Who Invented the Telescope? Did Galileo Invent the Telescope?
The telescope is credited to Hans Lippershey in 1608. The following year Italian astronomer Galileo Galilei began making improvements to its design.
The telescope design we use today can be credited to Lippershey (a lens-maker and patent holder), Galilei the important astronomer and thinker, and many unknown artisans at the time all developed telescopes, but didn’t get the patent). Since the early 1600’s many additional improvements have been made to the instrument “for seeing things far away as if they were nearby” patented by Lippershey (and many of the key improvements came from Galileo himself).
Who Should Be Credited with the Invention of the Telescope?
With inventions like this there are almost always never “true firsts”. When two or more people invent something in or around the same time it’s called multiple discovery.
The truth is Galileo was a scientist and important historical figure in retrospect, Lippershey and the rest of the first telescope makers were spectacle makers and artisans with little to no interest in science and the stars. So Galileo is important historically while the rest are noteworthy in the story of Galileo and the telescope.
TIP: Read the story of Hans Lipperhey here (it tells the story of the other lens makers).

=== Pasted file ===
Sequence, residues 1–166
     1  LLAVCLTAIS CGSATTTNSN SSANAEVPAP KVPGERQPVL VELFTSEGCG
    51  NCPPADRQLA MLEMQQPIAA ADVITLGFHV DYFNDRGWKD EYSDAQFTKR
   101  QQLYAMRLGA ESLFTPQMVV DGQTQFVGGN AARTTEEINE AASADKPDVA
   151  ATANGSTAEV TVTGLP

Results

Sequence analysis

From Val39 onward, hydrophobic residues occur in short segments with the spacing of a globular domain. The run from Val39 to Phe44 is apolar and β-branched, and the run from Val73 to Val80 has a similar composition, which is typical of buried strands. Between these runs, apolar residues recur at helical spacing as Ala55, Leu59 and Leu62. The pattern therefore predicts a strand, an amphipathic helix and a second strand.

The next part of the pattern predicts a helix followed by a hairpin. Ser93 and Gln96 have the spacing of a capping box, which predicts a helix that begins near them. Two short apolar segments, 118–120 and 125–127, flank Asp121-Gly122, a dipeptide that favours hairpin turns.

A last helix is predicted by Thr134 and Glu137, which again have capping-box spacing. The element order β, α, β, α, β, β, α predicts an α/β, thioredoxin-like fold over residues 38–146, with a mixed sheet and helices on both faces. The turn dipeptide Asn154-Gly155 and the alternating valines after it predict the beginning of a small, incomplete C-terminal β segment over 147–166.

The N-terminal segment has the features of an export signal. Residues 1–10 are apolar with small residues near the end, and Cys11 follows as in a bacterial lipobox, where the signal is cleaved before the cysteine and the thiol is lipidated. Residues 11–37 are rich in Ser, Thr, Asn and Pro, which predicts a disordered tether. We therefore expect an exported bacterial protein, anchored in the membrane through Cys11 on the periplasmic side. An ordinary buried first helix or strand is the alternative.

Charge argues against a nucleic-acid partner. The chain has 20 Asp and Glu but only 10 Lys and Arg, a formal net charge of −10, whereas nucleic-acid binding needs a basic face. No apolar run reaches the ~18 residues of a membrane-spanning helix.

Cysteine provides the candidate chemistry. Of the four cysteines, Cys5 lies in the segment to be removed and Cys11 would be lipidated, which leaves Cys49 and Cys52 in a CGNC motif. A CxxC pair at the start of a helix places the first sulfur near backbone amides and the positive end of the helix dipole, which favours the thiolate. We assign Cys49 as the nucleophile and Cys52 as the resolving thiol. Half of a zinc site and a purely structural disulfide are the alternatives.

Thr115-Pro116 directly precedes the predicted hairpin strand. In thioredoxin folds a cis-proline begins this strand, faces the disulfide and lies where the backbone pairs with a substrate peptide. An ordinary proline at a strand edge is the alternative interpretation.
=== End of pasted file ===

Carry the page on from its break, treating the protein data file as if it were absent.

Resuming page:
Galileo Didn’t Invent The Telescope.
The Galilean Telescope
The first Galilean telescope was made in 1609 and had about 3x magnification. Over time, he improved the design reaching up to 30x magnification. These telescopes (now called terrestrial telescopes or spyglasses) couldn’t see into space, but rather could see upright objects on the earth that were far away.
Galileo in a nutshell.
In 1610, Galileo started using his telescope for astronomical purposes. Galileo’s 1610 paper on The Starry Messenger (Sidereus Nuncius) was the first scientific treatise to be published based on observations made through a telescope.
The discoveries he made with is improving telescopes over the next few years helped lead to his eventual discovery that the Earth revolved around the sun, which he published in Dialogue Concerning the Two Chief World Systems (Dialogo sopra i due massimi sistemi del mondo) in 1632.
Galileo and the history of the telescope.
TIP: This lecture series on the technology throughout history by Derek de Solla Price from Yale 1976 talks about how ancient man went from hunter and gatherer to astrologer and astronomer. Lecture #7, Lecture #8, Lecture #9, Lecture #10 touch on the history of the telescope.